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Go Back   SailNet Community > Skills and Seamanship > Seamanship & Navigation
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Seamanship & Navigation Forum devoted to seamanship and navigation topics, including paper and electronic charting tools.


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  #21  
Old 02-28-2010
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Last I checked, wouldn't that be 0˚T not 360˚T...
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  #22  
Old 02-28-2010
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Quote:
Originally Posted by TheBishop View Post
If the wind is reported as 360T, it's coming from the North. If the current (set) is reported as 360T, it's going to the North. Who decided this, and was it done just to torture me?
I also have the same question and just suppose that it's just convention. Much like a circuit diagram in EE where electrical current is shown going from the positive to the negative post whereas in reality the electrons flow from negative to postive. Not sure how all this "conventional wisdom" got started.
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Old 02-28-2010
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The winds are named from where they are coming from because when you face into the wind you are looking in that direction. Thus the North wind is from the North because that is the direction you are facing.
About everything else is the direction they are going; Currents, Your Boat and so forth.
This is not that hard to understand... Not hard at all.

BTW: My post #13 here has not been answered yet... It is about figuring distance with a known chart scale.
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Last edited by Boasun; 02-28-2010 at 10:03 AM.
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  #24  
Old 02-28-2010
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Quote:
Originally Posted by Boasun View Post
One other:
the scale of a chart is 1:80,000. What distance at sea does a distance of 3.5 inches on the chart represent? What distance on the chart represents an actual distance of 14.3 NM?
3.5 in at 1:80,000 = 3.84 nm
13.3 nm at 1:80,000 = 13.03 in

Quote:
Remember that a NM is 6076.11549 ft thought we use 6000 ft for practical purposes.
Okay,
3.5 in at 1:80,000 = 3.89 nm
14.3 nm at 1:80,000 = 12.87 in
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  #25  
Old 02-28-2010
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Quote:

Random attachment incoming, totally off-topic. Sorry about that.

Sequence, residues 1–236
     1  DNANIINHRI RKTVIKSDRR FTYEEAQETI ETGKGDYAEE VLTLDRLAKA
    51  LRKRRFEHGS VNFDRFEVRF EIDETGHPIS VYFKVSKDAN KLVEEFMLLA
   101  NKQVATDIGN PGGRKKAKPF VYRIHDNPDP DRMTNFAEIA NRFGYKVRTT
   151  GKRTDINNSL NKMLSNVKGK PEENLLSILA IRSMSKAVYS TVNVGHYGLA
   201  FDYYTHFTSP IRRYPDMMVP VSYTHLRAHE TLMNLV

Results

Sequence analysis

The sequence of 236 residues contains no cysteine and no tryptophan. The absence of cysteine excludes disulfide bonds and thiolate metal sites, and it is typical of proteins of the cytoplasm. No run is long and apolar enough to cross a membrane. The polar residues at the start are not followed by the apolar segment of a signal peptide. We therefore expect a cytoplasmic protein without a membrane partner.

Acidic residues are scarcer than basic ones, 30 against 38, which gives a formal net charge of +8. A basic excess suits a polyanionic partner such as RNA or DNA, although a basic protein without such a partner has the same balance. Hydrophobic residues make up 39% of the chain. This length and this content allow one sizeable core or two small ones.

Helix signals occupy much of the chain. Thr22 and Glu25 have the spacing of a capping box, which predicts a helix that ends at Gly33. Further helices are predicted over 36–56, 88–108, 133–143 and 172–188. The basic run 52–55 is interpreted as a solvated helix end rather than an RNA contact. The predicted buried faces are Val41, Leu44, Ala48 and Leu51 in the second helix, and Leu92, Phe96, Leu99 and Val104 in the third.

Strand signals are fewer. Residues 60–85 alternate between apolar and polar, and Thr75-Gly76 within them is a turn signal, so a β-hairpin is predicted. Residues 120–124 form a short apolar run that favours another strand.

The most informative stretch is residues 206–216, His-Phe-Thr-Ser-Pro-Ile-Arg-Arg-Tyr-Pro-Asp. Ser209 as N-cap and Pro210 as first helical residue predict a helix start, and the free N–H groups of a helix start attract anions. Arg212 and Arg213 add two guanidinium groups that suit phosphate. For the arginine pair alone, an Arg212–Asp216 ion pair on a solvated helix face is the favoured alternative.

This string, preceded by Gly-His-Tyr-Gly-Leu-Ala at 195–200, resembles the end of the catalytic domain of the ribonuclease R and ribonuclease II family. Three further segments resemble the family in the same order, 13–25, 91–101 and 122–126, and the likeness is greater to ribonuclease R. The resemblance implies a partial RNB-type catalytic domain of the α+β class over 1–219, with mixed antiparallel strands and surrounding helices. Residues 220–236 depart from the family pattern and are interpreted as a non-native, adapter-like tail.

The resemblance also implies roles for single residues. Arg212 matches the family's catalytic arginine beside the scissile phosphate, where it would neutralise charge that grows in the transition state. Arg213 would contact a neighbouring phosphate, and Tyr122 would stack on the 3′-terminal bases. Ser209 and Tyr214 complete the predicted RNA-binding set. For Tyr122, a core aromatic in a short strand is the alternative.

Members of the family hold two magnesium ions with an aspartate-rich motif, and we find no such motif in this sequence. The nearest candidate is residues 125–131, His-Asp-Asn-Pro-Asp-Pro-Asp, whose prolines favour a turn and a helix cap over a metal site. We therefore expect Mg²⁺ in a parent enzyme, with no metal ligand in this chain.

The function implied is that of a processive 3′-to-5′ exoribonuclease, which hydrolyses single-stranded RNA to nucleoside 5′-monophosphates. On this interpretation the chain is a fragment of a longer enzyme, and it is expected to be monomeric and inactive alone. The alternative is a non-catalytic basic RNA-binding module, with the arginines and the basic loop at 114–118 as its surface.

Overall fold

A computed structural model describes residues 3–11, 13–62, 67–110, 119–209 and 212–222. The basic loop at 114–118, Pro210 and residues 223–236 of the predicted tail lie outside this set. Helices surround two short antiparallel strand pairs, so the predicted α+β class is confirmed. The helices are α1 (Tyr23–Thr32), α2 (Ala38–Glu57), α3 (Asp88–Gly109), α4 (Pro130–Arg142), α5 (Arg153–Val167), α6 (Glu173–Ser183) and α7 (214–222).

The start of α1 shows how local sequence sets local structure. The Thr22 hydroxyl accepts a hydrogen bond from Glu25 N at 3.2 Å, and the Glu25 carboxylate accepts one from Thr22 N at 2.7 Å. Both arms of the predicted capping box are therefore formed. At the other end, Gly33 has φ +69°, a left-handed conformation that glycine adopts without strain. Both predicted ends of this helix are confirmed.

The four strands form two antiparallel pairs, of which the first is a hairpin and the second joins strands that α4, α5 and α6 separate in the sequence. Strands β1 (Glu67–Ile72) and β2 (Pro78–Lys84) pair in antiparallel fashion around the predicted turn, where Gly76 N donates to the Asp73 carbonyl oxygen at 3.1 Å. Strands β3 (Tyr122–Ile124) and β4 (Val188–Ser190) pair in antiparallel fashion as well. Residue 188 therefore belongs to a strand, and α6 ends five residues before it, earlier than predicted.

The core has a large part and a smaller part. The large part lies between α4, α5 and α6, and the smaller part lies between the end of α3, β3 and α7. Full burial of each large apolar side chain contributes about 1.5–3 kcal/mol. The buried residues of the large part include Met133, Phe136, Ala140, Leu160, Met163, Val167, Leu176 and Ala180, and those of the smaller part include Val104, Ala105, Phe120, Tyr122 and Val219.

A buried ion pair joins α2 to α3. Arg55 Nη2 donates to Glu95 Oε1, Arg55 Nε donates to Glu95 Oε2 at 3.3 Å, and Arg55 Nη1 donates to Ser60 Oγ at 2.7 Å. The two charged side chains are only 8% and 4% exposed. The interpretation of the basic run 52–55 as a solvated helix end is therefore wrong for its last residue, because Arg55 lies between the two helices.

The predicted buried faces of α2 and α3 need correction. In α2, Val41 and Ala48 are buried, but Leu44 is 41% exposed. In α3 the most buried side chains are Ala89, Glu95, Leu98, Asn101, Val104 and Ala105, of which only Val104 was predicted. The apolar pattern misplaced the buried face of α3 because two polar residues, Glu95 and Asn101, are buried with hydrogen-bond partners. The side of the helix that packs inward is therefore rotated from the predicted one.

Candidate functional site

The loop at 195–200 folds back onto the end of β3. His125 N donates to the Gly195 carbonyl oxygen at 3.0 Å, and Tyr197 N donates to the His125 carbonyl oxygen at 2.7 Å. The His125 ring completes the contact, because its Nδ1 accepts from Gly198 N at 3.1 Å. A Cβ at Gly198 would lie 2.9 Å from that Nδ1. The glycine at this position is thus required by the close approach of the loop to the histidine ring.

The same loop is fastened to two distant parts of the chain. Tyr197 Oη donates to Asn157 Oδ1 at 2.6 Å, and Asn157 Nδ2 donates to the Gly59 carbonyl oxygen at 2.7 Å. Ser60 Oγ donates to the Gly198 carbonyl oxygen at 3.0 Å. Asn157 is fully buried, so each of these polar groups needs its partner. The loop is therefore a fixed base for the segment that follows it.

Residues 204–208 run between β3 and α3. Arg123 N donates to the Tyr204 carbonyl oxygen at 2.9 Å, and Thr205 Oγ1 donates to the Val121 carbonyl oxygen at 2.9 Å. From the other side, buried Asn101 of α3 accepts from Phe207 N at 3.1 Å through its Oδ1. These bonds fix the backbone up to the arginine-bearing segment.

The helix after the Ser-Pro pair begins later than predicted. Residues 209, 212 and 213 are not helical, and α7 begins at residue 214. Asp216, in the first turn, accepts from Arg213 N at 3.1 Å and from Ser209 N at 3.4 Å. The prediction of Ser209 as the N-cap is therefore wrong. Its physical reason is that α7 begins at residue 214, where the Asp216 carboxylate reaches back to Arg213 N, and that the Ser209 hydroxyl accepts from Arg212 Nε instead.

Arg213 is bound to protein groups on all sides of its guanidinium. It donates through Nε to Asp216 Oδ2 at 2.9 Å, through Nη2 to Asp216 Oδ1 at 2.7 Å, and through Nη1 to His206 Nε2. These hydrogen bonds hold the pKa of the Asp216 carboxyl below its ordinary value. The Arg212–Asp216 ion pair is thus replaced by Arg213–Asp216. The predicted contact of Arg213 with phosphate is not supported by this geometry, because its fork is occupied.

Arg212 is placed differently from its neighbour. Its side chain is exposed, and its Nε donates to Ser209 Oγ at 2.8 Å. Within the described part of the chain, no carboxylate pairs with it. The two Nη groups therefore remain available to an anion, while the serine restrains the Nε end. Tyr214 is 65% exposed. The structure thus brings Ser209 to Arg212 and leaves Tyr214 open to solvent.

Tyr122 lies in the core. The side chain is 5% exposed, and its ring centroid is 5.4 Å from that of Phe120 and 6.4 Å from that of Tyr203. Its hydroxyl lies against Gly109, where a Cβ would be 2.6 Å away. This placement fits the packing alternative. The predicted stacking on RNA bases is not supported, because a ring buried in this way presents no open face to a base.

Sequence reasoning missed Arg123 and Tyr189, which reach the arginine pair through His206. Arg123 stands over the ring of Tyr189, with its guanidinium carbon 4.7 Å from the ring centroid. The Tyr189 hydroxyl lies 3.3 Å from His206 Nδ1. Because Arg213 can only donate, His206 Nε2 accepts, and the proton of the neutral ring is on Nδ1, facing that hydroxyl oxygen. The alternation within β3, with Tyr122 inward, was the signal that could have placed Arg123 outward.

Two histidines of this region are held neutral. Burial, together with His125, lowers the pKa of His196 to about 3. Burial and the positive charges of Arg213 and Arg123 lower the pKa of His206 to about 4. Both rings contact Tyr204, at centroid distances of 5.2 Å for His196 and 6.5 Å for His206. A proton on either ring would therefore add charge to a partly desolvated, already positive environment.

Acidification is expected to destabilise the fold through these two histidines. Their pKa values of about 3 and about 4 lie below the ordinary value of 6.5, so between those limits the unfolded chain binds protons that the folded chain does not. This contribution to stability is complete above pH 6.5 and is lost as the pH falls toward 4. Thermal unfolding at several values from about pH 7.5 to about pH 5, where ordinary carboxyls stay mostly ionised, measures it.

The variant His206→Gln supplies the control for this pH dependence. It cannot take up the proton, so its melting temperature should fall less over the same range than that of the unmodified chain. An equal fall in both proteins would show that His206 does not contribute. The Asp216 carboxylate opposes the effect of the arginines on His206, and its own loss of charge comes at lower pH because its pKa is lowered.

Originally Posted by sailingdog View Post
Last I checked, wouldn't that be 0˚T not 360˚T...

You are closer than me.

Vol 5 of Canadian Tides and Currents uses 000 for currents flowing to True North.

I will have to fix that.
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Boasun and others

Re: Chart scales.

I use Canadian Chart 3462 in my navigation class; it is 1:80,000 chart. However, the 1:80,000 is measured at 49˚ 30'N which is not on the chart. The top of the chart is 48˚ 54'N. As this is a Mercator projection, it seems to me that converting distances measured using the scale would not be exact.

In you view, would this be a correct interpretation?
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Old 02-28-2010
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If the chart is 1:80,000 that means that you have 80,000 square inches representing land & water area squeezed into 1 square inch of the chart.

But when using the latitude scale on the chart for measuring distances, I have found that there can be a slight difference from near the bottom of the chart compared to the top of the chart.
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  #28  
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How far will a vessel traveling at 16.5 knots travel in 34 minutes? In 2h 24m?

How long will it take a ship traveling at 14 knots to go 0.8 miles? To go 69 miles?
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  #29  
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Answers in bold
Quote:
Originally Posted by Boasun View Post
How far will a vessel traveling at 16.5 knots travel in 34 minutes? 9.35nm In 2h 24m? 39.6nm

How long will it take a ship traveling at 14 knots to go 0.8 miles? 2.98 minutes To go 69 miles? 4.29 hours.
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Old 02-28-2010
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Quote:
Originally Posted by Boasun View Post
If the chart is 1:80,000 that means that you have 80,000 square inches representing land & water area squeezed into 1 square inch of the chart.

But when using the latitude scale on the chart for measuring distances, I have found that there can be a slight difference from near the bottom of the chart compared to the top of the chart.
Jacdale's post was spot on.
Boasun, you probably teach others this:
Chart is a flat paper representing a sphare. It is impossible to make it an accurate presentation.
Your statement is only true around one (reference) latitude. at any other latitude it is either less or more - but wrong.
Nautical charts are pretty accurate in representing angles, but not so good in representing surface areas. That is why we read distances at the closest left of right edge of the chart at about the same latitude as the distance was taken.
If we would only measure that distance and multiply it we could not get a very accurate result.
The error is neglectable for charts representing small areas, but can be significant in a general charts like Ca4700 or US13003.
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